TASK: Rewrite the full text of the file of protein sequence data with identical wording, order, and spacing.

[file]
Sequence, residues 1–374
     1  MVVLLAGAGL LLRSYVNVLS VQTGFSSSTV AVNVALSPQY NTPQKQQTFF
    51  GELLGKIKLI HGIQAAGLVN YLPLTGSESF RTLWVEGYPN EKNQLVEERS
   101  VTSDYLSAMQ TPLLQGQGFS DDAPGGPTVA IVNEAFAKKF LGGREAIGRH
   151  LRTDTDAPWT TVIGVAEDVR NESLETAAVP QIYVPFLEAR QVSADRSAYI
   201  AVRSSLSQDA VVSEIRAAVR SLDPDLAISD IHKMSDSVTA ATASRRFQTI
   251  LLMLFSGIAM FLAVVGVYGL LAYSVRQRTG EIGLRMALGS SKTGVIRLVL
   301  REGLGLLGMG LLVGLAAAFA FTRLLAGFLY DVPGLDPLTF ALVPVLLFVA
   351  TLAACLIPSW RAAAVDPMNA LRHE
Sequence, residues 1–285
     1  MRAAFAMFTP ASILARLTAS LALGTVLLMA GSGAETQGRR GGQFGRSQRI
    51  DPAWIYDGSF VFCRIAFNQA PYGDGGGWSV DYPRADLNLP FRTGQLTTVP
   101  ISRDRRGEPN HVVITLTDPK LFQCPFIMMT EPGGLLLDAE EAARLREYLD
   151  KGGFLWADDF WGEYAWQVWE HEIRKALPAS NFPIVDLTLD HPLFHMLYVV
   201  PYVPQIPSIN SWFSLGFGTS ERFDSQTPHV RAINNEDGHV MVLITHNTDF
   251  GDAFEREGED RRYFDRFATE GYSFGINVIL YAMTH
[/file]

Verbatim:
Sequence, residues 1–374
     1  MVVLLAGAGL LLRSYVNVLS VQTGFSSSTV AVNVALSPQY NTPQKQQTFF
    51  GELLGKIKLI HGIQAAGLVN YLPLTGSESF RTLWVEGYPN EKNQLVEERS
   101  VTSDYLSAMQ TPLLQGQGFS DDAPGGPTVA IVNEAFAKKF LGGREAIGRH
   151  LRTDTDAPWT TVIGVAEDVR NESLETAAVP QIYVPFLEAR QVSADRSAYI
   201  AVRSSLSQDA VVSEIRAAVR SLDPDLAISD IHKMSDSVTA ATASRRFQTI
   251  LLMLFSGIAM FLAVVGVYGL LAYSVRQRTG EIGLRMALGS SKTGVIRLVL
   301  REGLGLLGMG LLVGLAAAFA FTRLLAGFLY DVPGLDPLTF ALVPVLLFVA
   351  TLAACLIPSW RAAAVDPMNA LRHE
Sequence, residues 1–285
     1  MRAAFAMFTP ASILARLTAS LALGTVLLMA GSGAETQGRR GGQFGRSQRI
    51  DPAWIYDGSF VFCRIAFNQA PYGDGGGWSV DYPRADLNLP FRTGQLTTVP
   101  ISRDRRGEPN HVVITLTDPK LFQCPFIMMT EPGGLLLDAE EAARLREYLD
   151  KGGFLWADDF WGEYAWQVWE HEIRKALPAS NFPIVDLTLD HPLFHMLYVV
   201  PYVPQIPSIN SWFSLGFGTS ERFDSQTPHV RAINNEDGHV MVLITHNTDF
   251  GDAFEREGED RRYFDRFATE GYSFGINVIL YAMTH